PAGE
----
In Biosig Instruments, Inc. v. Nautilus, Inc., No. 12-1289 (Fed. Cir. Apr. 27, 2015), the Federal Circuit, on remand from the Supreme Court, maintained its reversal of the district court’s determination that Biosig Instruments, Inc.‘s (“Biosig”) patent claims are indefinite, and remanded the case to the district court for further proceedings.

Biosig is the assignee of U.S. Patent No. 5,337,753 (“the ’753 patent”), directed to a heart rate monitor associated with an exercise apparatus and/or exercise procedures. Biosig sued Nautilus, Inc. (“Nautilus”) in district court, alleging infringement of the ‘753 patent. Following claim construction, Nautilus moved for SJ, seeking, in relevant portion, to have the ‘753 patent held invalid for indefiniteness. The district court granted SJ, holding that the term “spaced relationship,” referring to the spacing between two electrodes, is indefinite. Biosig appealed. The Federal Circuit found the claims not invalid for indefiniteness under the “not amenable to construction or insolubly ambiguous” standard. Slip op. at 4 (citing Nautilus, Inc. v. Biosig Instruments, Inc. (“Nautilus I”), 715 F.3d 891, 898 (Fed. Cir. 2013)), and reversed and remanded the case for further proceedings. Nautilus petitioned for certiorari.

On appeal, the Supreme Court rejected the Federal Circuit’s “not amenable to construction or insolubly ambiguous” standard. Clarifying the proper standard to be applied for indefiniteness, the Supreme Court held that “a patent is invalid for indefiniteness if its claims, read in light of the specification delineating the patent, and the prosecution history, fail to inform, with reasonable certainty those skilled in the art about the scope of the invention.” Id. (citing Nautilus, Inc. v. Biosig Instruments, Inc. (“Nautilus II”), 134 S. Ct. 2120, 2124 (2014)). The Supreme Court vacated and remanded the Federal Circuit’s decision without opinion on the validity of the asserted patent but with instruction to decide the case under its prescribed standard.

Applying the Supreme Court’s articulated standard on remand, the Federal Circuit maintained its reversal of the district court’s determination that the claims were indefinite. As an initial matter, the Federal Circuit clarified that in Nautilus II, the Supreme Court “modified the standard by which lower courts examine allegedly ambiguous claims; we may now steer by the bright star of ‘reasonable certainty,’ rather than the unreliable compass of ‘insoluble ambiguity.‘” Id. at 9. The Federal Circuit emphasized that “reasonable certainty” is a ”[f]amiliar [s]tandard” to the courts. Id. at 8. Citing several Supreme Court decisions, the Federal Circuit stated that “reasonable certainty” is the core of much of the common law and has been defined by the Supreme Court in many contexts. The Federal Circuit also indicated that a number of its own cases had already applied a “reasonable certainty” standard in various contexts other than indefiniteness prior to Nautilus II, and that three of its own cases have applied the “reasonable certainty” standard since Nautilus II.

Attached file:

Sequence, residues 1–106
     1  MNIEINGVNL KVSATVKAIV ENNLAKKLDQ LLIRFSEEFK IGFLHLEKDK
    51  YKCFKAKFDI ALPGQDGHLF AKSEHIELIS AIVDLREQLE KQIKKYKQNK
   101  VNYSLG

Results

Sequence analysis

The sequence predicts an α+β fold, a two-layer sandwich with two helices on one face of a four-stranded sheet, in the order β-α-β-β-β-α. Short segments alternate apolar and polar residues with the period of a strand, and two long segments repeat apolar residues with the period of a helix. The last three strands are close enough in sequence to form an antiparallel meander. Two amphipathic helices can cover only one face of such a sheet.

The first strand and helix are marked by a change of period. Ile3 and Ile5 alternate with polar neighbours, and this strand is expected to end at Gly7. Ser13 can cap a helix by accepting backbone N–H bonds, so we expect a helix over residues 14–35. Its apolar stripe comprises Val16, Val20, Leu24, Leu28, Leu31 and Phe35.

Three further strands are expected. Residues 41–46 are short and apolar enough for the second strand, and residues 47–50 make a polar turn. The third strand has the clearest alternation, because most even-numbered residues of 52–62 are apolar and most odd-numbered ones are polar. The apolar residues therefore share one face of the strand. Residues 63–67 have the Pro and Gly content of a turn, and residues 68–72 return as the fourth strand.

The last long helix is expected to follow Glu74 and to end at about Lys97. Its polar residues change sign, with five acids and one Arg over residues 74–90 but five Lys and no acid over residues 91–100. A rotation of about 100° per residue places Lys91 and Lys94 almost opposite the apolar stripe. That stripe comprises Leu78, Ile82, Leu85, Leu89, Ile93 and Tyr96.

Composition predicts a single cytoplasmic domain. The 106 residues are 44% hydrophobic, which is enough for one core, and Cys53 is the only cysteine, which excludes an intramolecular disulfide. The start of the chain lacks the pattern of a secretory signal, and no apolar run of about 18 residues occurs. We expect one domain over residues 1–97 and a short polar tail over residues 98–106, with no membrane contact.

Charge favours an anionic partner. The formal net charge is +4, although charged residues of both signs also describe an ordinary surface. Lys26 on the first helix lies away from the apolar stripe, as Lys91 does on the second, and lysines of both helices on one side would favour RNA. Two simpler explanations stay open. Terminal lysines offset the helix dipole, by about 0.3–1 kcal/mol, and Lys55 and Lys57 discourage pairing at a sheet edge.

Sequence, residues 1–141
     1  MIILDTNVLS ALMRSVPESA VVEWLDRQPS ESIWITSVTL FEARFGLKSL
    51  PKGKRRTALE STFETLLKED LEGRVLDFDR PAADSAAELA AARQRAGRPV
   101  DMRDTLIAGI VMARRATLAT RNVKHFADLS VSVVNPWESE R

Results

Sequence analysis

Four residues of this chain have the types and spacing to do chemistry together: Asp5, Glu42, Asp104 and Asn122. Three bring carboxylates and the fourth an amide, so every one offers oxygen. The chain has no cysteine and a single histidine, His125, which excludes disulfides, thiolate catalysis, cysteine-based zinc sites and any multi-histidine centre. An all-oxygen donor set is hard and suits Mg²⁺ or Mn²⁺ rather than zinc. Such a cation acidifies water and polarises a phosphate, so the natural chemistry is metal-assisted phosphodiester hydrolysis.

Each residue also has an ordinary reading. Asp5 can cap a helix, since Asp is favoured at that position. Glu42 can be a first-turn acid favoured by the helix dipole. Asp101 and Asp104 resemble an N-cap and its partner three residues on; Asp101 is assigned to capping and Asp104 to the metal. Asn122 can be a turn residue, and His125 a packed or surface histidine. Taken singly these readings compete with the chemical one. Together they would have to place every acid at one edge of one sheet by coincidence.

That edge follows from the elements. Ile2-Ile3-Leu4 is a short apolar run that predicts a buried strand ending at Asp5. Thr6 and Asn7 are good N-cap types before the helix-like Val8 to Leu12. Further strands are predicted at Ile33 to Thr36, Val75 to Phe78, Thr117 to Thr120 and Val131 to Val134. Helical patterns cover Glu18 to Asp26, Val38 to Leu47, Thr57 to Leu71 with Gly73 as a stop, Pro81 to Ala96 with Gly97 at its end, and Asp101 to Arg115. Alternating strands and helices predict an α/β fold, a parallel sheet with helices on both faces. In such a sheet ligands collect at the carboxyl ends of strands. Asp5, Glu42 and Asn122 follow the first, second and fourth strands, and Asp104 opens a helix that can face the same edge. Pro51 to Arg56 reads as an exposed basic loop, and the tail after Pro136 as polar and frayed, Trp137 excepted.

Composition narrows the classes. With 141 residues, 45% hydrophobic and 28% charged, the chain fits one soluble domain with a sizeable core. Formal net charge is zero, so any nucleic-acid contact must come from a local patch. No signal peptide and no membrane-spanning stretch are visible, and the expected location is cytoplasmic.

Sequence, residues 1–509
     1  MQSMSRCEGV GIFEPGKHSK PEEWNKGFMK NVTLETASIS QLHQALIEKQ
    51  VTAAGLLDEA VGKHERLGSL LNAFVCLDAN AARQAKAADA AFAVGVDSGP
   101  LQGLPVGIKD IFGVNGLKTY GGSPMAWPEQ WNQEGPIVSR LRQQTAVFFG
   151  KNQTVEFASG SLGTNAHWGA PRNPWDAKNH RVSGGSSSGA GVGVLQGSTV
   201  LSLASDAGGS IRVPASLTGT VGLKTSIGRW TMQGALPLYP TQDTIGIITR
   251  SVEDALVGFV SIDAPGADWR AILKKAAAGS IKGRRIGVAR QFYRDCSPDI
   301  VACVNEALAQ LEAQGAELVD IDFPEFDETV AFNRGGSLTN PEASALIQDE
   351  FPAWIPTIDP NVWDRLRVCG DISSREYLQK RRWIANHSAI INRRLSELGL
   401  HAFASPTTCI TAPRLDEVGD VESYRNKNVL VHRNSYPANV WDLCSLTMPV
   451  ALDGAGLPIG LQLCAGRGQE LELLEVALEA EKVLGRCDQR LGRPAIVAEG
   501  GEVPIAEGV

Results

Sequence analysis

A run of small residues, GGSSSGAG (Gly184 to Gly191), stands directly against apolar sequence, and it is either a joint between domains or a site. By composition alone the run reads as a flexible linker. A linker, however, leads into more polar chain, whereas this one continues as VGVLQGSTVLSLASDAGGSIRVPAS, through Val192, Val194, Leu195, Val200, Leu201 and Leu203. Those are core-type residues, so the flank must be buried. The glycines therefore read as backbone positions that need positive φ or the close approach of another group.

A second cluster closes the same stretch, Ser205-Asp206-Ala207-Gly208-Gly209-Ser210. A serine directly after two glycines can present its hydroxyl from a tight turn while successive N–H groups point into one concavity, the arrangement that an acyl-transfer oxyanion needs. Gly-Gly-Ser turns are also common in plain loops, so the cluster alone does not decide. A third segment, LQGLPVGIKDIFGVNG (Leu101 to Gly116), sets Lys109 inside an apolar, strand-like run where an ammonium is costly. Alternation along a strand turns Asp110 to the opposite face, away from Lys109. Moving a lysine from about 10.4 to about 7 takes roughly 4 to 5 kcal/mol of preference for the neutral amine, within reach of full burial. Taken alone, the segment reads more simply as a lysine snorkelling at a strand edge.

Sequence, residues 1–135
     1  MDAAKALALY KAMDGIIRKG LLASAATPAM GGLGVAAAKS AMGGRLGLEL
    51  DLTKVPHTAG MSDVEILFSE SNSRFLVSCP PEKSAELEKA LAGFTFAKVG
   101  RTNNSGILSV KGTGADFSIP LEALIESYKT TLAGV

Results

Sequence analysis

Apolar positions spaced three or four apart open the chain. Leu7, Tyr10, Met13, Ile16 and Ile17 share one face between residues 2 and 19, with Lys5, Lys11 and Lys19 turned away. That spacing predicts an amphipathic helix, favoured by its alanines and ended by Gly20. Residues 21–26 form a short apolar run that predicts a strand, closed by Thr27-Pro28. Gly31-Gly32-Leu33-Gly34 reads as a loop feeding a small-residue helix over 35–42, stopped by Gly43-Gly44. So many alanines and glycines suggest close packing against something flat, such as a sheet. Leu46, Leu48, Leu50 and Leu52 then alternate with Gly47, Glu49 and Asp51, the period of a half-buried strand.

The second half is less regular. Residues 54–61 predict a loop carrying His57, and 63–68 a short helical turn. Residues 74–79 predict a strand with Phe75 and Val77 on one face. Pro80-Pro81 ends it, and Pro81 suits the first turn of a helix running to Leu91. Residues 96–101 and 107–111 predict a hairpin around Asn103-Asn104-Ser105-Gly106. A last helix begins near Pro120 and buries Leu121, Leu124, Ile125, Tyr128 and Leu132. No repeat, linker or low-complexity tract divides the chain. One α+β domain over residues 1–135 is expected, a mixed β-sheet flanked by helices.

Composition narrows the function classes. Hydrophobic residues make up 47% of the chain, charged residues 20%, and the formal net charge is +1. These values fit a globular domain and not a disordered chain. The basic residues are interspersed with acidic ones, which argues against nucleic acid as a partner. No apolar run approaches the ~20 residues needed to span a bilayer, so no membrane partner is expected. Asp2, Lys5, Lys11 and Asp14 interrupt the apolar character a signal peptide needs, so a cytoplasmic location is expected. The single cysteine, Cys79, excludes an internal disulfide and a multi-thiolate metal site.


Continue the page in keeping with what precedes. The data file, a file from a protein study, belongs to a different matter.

Against this background and the Supreme Court’s articulated standard in Nautilus II, the Federal Circuit revisited the intrinsic evidence and its prior analysis in Nautilus I and found that the asserted claims inform a skilled artisan with reasonable certainty. Specifically, the Court relied on its previous findings in Nautilus I that the claim language, specification, and figures illustrating the “spaced relationship” provided sufficient clarity to one skilled in the art as to the parameters of the claim term. The Court noted that a skilled artisan would understand that the claims require that the spaced relationship be “neither infinitesimally small nor greater than the width of a user’s hands” because (1) the asserted claims require detection of electrical signals at two distinct points of a user’s hand, and (2) it is not feasible for the electrodes to be infinitesimally small such that electrodes are effectively merged into one detection point. Id. at 15-16.

The Court also relied on the prosecution history of the asserted claims to further support its conclusion that the disputed term is not indefinite. Specifically, the Court referred to its consideration in Nautilus I of the functionality of the claimed heart rate monitor in which electrical signals are removed based in part on the “spaced relationship” of the electrodes, which provided the basis for patentability of the claims. In the Court’s view, the recited function in the asserted claim is “highly relevant” to ascertaining the boundaries of the disputed term and further provides a method that skilled artisans could apply to determine the “spaced relationship” of the electrodes. Id. at 17. The Court also highlighted the inventor’s declaration submitted during prosecution and his testimony in Nautilus I, which the Court stated further illustrates that when configuring the claimed heart rate monitor, skilled artisans can determine the “spaced relationship” between the two electrodes by calculating the point in which signals are removed.

Accordingly, the Federal Circuit concluded that ”[t]he term ‘spaced relationship’ does not run afoul of the innovation-discouraging ‘zone of uncertainty’ against which [the Supreme Court] has warned, and to the contrary, informs a skilled artisan with reasonable certainty of the scope of the claim.” Id. at 18 (second alteration in original) (quoting Interval Licensing LLC v. AOL, Inc., 766 F.3d 1364, 1374 (Fed. Cir. 2014)) (internal quotation marks omitted). Thus, the Court maintained its reversal of the district court’s determination that the asserted claim is invalid for indefiniteness and remanded the case for further proceedings.